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  11. Fantastic post! It's really quite humbling how insignificant we are when the Earth decides to jump ugly with us. A "For What It's Worth" observation: as I was looking at my stats (as is my wont), I noticed that someone from Japan was visiting. Wow, in the face of such an epic disaster, someone was having a look at an old guy on a curbside toilet. A truly impressive people!

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  12. Manders, surreal is right. Incredulity; I saw a house and a bus on top of a building.

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  13. Al, thank you. Yeah, I know what you mean, insignificant is the right word. The earth has been doing this for billions of years. Life finds ways to survive.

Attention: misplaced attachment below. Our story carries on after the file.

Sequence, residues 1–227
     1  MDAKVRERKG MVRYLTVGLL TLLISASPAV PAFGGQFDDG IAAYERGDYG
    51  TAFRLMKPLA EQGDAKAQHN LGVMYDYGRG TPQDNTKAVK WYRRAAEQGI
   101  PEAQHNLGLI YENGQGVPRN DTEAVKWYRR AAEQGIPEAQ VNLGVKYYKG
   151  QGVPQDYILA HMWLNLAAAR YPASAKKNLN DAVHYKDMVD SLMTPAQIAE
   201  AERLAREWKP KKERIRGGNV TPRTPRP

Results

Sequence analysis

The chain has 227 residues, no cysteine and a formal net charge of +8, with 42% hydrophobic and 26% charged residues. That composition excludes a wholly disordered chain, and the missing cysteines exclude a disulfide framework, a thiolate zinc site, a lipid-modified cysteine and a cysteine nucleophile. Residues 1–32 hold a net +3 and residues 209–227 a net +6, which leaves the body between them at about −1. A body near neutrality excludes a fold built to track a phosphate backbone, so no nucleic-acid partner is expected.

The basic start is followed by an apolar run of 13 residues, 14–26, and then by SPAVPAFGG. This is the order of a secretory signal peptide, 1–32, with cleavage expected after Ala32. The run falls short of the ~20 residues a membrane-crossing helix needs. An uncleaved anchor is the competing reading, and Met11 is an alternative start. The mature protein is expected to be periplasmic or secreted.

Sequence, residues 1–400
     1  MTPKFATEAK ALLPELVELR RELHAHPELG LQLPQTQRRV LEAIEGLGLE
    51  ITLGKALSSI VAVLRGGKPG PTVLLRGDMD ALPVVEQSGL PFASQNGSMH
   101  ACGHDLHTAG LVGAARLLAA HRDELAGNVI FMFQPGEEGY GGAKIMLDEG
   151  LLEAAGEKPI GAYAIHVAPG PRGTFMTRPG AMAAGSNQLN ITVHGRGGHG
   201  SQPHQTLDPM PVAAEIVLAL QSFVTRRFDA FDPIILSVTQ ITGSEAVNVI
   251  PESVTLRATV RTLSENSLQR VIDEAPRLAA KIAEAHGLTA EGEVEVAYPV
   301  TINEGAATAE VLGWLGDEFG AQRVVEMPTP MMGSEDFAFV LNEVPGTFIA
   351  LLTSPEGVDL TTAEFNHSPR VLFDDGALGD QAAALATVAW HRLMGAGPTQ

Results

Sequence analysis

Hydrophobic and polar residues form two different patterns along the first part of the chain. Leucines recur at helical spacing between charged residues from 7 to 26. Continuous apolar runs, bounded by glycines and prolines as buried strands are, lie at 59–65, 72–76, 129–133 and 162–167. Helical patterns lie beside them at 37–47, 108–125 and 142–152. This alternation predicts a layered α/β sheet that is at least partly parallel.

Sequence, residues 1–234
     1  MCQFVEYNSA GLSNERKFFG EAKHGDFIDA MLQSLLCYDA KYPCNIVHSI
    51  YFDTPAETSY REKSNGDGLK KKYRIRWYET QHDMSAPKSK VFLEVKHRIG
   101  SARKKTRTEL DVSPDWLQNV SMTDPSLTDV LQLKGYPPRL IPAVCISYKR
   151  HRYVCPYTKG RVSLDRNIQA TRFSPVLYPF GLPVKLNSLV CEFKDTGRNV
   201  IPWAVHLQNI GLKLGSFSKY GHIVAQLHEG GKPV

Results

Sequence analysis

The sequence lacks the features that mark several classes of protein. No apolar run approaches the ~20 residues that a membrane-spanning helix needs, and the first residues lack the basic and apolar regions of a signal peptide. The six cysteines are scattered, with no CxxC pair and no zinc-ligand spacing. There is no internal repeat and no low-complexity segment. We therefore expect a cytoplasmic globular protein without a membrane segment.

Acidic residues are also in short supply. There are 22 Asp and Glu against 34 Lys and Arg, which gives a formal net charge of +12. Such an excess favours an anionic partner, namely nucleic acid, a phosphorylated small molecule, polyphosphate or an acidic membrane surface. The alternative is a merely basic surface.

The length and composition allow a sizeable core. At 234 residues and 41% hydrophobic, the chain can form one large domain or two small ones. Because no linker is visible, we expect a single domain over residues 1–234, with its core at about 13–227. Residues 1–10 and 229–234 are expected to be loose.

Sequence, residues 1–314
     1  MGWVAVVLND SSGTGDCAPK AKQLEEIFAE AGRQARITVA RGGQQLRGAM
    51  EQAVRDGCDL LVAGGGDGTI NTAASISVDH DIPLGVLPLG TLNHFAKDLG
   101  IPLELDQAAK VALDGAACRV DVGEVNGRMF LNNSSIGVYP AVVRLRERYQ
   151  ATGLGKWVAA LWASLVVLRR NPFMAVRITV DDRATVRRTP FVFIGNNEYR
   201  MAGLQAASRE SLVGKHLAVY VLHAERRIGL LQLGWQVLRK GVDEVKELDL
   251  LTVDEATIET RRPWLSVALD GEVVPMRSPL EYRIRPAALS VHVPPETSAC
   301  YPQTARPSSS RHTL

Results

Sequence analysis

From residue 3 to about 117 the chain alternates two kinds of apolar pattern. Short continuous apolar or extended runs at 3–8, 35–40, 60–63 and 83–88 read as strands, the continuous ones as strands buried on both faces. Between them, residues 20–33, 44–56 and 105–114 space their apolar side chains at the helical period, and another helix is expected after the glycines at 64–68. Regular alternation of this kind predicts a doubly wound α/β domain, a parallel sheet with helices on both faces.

Tokyo still has power and if our little insignificant ;) blogs offer them even a modicum of escape, a little amusement...Other than donate what else can we do?

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  14. As for what to do, my best guess - not being search-and-rescue trained - is be still in the awareness of how deeply connected we all are. If we are able to share strength and hope by such focus...as I said, my best guess.

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  15. Yes, this response to the crisis in Japan reminds us that almost nobody on earth should suffer for want of assistance. We no longer have the excuse of ignorance.